The fourth song “Shadowfax part I” is even more laid back. The drums almost dissappear in a sea of reverb, as the track takes us back to the present (or even the future) with an “out of focus” aesthetic -verging on IDM/ambient-, while also keeping a few bits and pieces of retro “cosmic disco” style sounds. It’s certainly an unusual mix of genres, think BoC meets Brian Bennett.
Next is “Creon Happy”, revisiting the 8-bit theme with a joyful Siriusmo-ish approach, featuring classy (although a bit too repetitive) 808 beats and some string synth pads thrown in. This is later followed by the moroderesque sixth track, “Path to the none”, that blends by-the-book italo/HI-NRG production values with some 80’s new-wave melancholy (regarding its choice of chords and melodies, à la Fad Gadget or Cabaret Voltaire).
“Phraxby” is a cosmic ballad that wouldn’t feel too out-of-place in a ’90s Warp/Rephlex catalogue -which seems natural, considering Ceephax has previously appeared in a few references from those labels-. If it wasn’t for its slightly conventional and rigid TR-707 beats, it could well pass as an AFX track out of Analord. The following song, “Hovagen” goes to more housey territories, pairing electric piano sounds with an overall electro feel, echoing Discodeine, Avery and similar contemporary acts.
The 9th cut, called “Green Night”, is a classic acid tune in true ’90s fashion, with a galore of dirty 303s, 909s, and familiar string section samples. Its sound seems closer to minimal or techno (think Plastikman or Mills, as well as some of Ceephax’s earlier works) than the rest of Camelot Arcade. On the other hand, much like the third track, “Wasteline 389” keeps on with the New-Wave meets Goblin/Carpenter theme; while “The Great Greatsby” seems to mock F. Scott Fitzgerald’s book -not sure if intentionally- with an overdose of cheesy pianos drenched in reverb.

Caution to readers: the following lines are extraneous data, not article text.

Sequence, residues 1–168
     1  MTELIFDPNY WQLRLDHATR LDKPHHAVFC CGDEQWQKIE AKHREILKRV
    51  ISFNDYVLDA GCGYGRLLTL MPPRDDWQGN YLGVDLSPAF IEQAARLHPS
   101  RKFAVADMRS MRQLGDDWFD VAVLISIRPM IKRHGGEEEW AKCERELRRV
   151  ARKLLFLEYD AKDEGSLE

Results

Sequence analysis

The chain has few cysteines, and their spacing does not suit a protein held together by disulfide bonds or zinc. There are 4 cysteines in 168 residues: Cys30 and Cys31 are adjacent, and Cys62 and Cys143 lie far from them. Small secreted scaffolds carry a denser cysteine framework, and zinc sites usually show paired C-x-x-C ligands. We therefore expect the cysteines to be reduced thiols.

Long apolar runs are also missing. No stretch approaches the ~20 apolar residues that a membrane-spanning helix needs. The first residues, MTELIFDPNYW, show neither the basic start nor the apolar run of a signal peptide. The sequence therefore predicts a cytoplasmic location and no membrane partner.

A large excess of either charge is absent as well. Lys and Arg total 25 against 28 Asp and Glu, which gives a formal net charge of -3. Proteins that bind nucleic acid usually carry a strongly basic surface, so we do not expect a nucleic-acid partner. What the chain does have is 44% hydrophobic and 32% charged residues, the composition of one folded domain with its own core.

The 12th cut, a sequel to the 4th -called Shadowfax part 2-, is quite dissimilar to the former, sounding like more of a 2000s Ceephax (acid/IDM meets chiptune) track. The ironic 8-bit sounds, synthesized bass lines and 909 beats are unmistakably “acid crew”, bringing back memories from Ceeland and similar releases. The closing track, “Yodecahedron”, goes back even further to revisit Ceephax’s untitled LP (released in 2000 by Fossil Funk), yet taking you sonically to a distant future at the very same time.
Even if Jenkinson doesn’t seem to take himself -or his music- too seriously, this LP is well-thought-out and carefully produced. Camelot Arcade is a fairly solid album, with a bunch of 80’s influenced songs (in line with his more recent work) and a few “back to the roots” tracks, more reminiscent of the old Ceephax Acid Crew sound (’90s / ’00s). By and large, I’d bet that if you’re a fan of either (or both) types of nostalgia, you’ll most likely love this one.
You can get this vinyl here.
About the author: José -Pepe- Coca is a musician, producer and audio engineer from Zaragoza (Spain). He has a PhD in Art and teaches Sound Systems, Synthesis and Mastering courses at CPA Salduie and SEAS. He has also worked as a sound designer for companies such as Elektron, Befaco or HelloSamples.